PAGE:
Stories about Humor from October, 2008
Russia Blog shares a joke about “a lawyer and a Ukrainian.”
Stories about Belgrade's eccentric public bus drivers – at Belgraded.
Ukrainiana writes about Russian cartoonist Sergei Elkin and his cartoons on the U.S. presidential race.
From Warp to Weft writes some rules on how to drive in Morocco.
(the) Road to the Deep East blogs about a signature campaign by a Japanese man demanding Japanese government to permit the marriage with anime characters, legally.
Angola has several stories, legends and mythical characters which, like a breath of fresh air, feed the imagination of young ones and adults alike, giving wealth to Angolan history and culture. Read about the mermaid Kianda, and animal tales: deer, tortoise, alligators - they all make people's imagination fly.
Blogger and comedian Hirokazu Fujii [藤井宏和] snaps a picture and catches an expression of surprise [ja].
Nathan reports on a prank by New York's Citylife blog, which sent a letter to a handful of NYC politicians claiming to be from Alisher Vohidov, Uzbekistan’s consul general to the United Nations, regarding a planned visit to the city by the Uzbek president Islom Karimov.
Empivot is an online green media aggregator, or as its tag line says, it is the ‘Online Network for Green Video’. Members can upload video, browse channels such as Renewable Energy Business Watch, YesterMorrow – Design/Build School, Green Tv and others. An interesting video that was posted on the Brighter...
Dog attacks car? Karkoor from Jordan links to this story from Australia.
Anglo-Arab blogger Doshka has decided that Druze men are ‘hot': “In Israel, they are quite possibly all first cousins because they can neither marry out of the sect, nor can outsiders convert to the Druze faith – meaning they have a very, very narrow gene pool. It's a very, very...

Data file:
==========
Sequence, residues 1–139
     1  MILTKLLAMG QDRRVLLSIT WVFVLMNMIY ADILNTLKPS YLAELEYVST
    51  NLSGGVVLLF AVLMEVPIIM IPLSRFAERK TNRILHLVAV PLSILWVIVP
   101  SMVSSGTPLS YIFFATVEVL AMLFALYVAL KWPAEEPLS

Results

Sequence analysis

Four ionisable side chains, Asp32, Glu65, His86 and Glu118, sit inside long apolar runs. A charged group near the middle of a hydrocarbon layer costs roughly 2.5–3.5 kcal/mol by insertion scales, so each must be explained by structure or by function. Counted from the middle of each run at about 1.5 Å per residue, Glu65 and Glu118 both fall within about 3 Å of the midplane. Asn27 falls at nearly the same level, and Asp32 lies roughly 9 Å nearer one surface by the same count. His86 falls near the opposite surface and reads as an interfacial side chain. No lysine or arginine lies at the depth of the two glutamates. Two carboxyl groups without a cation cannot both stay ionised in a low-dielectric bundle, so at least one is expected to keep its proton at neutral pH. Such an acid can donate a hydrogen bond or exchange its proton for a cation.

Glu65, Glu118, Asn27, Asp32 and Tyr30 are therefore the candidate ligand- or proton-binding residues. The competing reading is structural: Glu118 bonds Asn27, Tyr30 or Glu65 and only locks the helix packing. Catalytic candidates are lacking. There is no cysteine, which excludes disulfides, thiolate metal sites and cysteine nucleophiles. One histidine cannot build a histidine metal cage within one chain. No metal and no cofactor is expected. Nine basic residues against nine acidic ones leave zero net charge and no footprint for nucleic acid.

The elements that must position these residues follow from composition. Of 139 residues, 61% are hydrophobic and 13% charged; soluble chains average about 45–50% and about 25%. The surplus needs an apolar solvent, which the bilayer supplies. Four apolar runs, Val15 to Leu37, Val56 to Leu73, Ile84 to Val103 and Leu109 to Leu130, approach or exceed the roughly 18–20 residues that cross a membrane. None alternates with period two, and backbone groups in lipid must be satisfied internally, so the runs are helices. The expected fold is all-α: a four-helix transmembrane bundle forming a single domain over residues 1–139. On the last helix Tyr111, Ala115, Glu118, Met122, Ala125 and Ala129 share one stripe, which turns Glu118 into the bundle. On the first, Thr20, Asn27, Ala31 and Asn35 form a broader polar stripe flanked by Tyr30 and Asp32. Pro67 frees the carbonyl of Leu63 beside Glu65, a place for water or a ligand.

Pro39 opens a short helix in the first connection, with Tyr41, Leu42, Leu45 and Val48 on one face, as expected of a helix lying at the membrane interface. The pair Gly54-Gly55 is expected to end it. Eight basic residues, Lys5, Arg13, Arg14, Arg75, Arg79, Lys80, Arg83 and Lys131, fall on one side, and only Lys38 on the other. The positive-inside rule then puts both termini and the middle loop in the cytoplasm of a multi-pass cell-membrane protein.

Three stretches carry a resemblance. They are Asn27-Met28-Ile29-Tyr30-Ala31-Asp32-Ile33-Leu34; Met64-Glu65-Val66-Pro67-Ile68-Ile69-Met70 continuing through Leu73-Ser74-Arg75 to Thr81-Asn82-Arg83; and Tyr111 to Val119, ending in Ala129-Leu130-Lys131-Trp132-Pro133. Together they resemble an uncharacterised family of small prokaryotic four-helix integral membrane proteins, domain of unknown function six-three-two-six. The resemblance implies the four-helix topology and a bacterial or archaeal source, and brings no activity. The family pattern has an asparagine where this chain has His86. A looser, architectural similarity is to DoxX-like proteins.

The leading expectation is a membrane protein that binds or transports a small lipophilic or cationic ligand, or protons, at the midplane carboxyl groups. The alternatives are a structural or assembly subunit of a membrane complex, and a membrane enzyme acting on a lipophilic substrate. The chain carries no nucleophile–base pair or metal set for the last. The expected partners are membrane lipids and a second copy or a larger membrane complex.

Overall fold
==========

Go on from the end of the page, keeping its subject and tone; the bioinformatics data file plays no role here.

Guyana-Gyal isn't quite sure what “ladies living in proper places” actually do.
Reflecting on the meanings of Arabic names, A Diamond's Eye View of the World shares this list of the names of mostly Lebanese personalities – and how their names translate into English.
Bangladesh corporate blog takes a satirical look at the controversy regarding the recent findings of melamine tainted milk powder in Bangladesh market and the government's inability to take quick actions against them.
Trinidadian blogger Taran Rampersad‘s email address finally kicks the bucket.
Barbadian bloggers Doan Mind Me and Living in Barbados share a few observations about the final US Presidential debate.
There are very few Cameroonian bloggers based in Cameroon. This vacuum has been occupied by volunteers working in the country (mainly) for the British organization Volunteer Service Overseas (VSO) and the US Peace Corps Volunteers (PCV). Their attempts to cope with everyday life in an African country is the main stay of their posts.
Guyana-Gyal and her mother teach some young entrepreneurs a thing or two about business.
“Regardless of what people think of Bush he will be remembered for the war in Iraq and standing next to Tony Blair. But mostly he will be remembered for his famous nonsensical quotations…”: Blogging from Trinidad and Tobago, This Beach Called Life revisits a few “Bushisms”.
Shenzhen Fieldnotes translates some mobile text messages on the Sanlu poisonous milk scandal.
Guyana-Gyal has found a way to fend off her worries “about this melt-down goin’ around, how it gon affect we the people in Guyana.”